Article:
Where once law enforcement may have taken a confrontational approach to any tense interaction with the seriously mentally ill, today the officers learn to identify an observable pattern of mentally ill behavior and, in response, calm things down.
For Straub, the success of this training is exemplified by his own experience as chief of police in Spokane, where, after requiring that all 300 of his officers attend 40 hours of CIT, use-of-force incidents were reduced by 22% in 2014.
Susan Rahr, Executive Director of the Washington State Criminal Justice Training Commission and a former sheriff of Kings County in Washington State, is hoping to get similar results with a statewide law enforcement training program.
“What we’re trying to reinforce is [the need to] do everything else possible before you resort to deadly force,” said Rahr in a recent interview with TCR.
Like Straub, Rahr insists that officers must constantly attempt to position themselves so that they have the opportunity to calm a suspect down and de-escalate the situation.
At the Kings County Police Academy, she points out, 90% of that de-escalation practice is rooted in proper patrol tactics: not rushing into a situation and exposing yourself to a suspect’s gun or knife; maintaining distance between yourself and the suspect; and creating the time needed to assess the best course of action.
While Straub and Rahr agree that practical CIT practices represent some of the largest positive changes to law enforcement’s handling of the mentally in nearly 30 years, both admit that these methods alone are not enough to solve the problem that the seriously mentally ill represent.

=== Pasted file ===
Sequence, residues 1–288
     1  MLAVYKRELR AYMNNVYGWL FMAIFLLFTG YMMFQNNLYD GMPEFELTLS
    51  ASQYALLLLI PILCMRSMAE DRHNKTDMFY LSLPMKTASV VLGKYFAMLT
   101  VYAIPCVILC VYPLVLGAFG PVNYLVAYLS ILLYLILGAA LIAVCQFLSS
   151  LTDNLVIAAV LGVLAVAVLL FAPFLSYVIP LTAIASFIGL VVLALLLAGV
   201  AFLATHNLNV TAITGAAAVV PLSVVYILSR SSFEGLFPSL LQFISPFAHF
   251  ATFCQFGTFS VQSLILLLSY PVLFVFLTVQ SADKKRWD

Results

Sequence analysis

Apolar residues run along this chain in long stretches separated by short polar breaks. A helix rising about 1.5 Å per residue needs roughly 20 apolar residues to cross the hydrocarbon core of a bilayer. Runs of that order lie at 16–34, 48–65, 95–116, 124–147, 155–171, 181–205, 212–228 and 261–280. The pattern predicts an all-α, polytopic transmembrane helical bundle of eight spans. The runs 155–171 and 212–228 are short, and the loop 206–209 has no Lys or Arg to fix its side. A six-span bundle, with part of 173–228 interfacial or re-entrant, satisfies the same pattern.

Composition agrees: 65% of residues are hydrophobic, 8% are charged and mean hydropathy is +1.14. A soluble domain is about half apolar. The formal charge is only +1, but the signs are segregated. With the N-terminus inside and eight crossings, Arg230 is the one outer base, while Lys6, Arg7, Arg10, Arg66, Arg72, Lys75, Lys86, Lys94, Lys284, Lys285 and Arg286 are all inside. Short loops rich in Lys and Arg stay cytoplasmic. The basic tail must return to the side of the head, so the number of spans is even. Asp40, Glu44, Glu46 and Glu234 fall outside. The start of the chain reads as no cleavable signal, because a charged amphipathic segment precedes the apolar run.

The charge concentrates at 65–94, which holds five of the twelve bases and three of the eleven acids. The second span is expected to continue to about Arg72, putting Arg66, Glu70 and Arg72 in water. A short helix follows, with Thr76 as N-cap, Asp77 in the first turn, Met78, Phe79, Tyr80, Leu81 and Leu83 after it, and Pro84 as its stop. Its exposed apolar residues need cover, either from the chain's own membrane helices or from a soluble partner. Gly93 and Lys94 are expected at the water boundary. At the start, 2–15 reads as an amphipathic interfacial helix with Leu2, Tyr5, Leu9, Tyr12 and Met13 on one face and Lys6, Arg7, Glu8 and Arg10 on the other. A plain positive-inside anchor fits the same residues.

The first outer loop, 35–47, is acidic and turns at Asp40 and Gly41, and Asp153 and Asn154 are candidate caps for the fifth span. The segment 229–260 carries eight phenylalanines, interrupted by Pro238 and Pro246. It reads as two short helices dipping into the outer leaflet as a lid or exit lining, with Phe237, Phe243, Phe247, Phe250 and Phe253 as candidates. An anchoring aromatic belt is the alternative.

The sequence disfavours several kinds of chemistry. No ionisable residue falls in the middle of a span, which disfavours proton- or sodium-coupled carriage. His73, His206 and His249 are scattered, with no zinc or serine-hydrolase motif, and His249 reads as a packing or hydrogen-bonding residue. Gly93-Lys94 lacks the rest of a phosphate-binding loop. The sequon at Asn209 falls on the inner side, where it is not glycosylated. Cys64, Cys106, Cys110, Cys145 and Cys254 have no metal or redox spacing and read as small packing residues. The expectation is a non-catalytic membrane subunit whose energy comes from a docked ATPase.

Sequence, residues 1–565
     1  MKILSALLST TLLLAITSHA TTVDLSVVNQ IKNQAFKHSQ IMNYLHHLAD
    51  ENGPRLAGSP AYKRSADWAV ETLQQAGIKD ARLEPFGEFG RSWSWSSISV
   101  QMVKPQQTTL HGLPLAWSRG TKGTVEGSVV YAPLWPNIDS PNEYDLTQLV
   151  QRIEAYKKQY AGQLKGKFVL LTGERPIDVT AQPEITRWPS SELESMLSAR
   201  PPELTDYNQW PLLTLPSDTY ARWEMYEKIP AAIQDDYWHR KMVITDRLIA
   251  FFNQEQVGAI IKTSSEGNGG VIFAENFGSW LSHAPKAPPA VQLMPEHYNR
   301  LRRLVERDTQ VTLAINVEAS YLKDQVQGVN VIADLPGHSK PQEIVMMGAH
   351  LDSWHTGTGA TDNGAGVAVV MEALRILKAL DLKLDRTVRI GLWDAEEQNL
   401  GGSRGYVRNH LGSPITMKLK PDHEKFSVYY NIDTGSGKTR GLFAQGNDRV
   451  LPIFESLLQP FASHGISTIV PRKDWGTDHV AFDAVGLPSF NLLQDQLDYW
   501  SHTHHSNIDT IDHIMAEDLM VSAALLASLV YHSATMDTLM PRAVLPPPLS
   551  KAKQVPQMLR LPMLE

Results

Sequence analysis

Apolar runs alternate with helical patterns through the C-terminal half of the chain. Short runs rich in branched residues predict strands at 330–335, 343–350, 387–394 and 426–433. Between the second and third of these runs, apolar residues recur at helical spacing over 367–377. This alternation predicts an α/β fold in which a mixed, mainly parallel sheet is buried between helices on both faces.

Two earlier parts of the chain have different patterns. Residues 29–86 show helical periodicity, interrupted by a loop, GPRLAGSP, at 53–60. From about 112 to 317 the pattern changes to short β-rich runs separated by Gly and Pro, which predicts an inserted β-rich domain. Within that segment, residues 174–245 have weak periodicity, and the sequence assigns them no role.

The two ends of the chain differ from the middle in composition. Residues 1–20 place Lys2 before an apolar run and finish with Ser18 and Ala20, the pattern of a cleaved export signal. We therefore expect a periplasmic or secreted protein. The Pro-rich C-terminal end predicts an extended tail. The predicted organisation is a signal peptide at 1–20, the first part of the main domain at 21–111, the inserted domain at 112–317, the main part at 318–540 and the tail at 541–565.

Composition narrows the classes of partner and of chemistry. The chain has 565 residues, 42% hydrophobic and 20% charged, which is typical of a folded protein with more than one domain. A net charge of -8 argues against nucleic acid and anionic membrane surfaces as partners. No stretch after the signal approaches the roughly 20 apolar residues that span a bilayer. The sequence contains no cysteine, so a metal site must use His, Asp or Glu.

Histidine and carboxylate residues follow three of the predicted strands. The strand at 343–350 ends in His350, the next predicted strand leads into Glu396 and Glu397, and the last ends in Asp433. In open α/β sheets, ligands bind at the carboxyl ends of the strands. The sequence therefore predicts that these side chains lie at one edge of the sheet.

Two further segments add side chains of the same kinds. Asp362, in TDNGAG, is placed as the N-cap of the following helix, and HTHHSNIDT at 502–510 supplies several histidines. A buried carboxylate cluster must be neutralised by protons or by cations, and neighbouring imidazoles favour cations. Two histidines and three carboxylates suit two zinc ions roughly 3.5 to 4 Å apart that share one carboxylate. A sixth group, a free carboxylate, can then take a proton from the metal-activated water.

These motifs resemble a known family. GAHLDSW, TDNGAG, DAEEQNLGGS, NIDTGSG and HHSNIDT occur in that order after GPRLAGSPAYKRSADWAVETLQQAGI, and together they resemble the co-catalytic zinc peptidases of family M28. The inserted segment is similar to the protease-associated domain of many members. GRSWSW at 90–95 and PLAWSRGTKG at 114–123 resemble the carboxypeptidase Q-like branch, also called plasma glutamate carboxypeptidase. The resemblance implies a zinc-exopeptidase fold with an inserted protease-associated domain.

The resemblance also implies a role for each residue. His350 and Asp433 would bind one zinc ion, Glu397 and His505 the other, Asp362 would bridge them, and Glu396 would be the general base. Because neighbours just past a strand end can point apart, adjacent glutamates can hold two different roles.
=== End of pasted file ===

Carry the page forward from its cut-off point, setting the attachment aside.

The Larger Problem
Rahr argues that all elements of the justice system must work together to deal with persons in psychological crisis, from the moment they are pacified and taken into custody to treating their needs through courts and counseling.
“If there’s no place to take them except jail, we really haven’t gotten much better,” she said.
Most of the players in the criminal justice community agree.
The unavailability of hospital beds, the lack of treatment alternatives, and misallocation of federal funding are among the factors that ensure the seriously mentally ill wind up back on the street without access to the medications and treatments they need to stay out of harm’s way, according to mental health advocates.
“The big picture, over the last forty years, has to do with deinstitutionalization,” said Cheryl Roberts, Executive Director of the Greenburger Center for Social and Criminal Justice, a nonprofit organization advocating for justice reform, in an interview with TCR.
A byproduct of the Social Security Act of 1965, de-institutionalization was brought about by a provision called the “IMD exclusion,” which prohibits federal Medicaid payments for treatment in “Institutions of Mental Disease” larger than 16 beds.
Thus, states were incentivized to move patients out of state mental hospitals and into communities with no prior planning or resources to meet their needs. As a result, homelessness increased and, soon after, criminality ensued that was promptly followed by incarceration.
Today, such policies have led to the fact that the largest mental health facilities in the nation are, effectively, jails.
“We’ve really, over the last 40 years, had this trans-institutionalization from mental institutions, and other situations, into jails or prisons,” says Roberts, who stresses that most mentally ill offenders return from incarceration in worse condition than when they entered.
Even if a person is lucky enough to receive some medical attention and behavioral health care while incarcerated and, in some cases, even be stabilized, Roberts points out that when they come out there are often no adequate services available for them.
Members of both the mental health and criminal justice communities agree that incarceration of the mentally ill is not a solution and only “wastes taxpayer’s money.”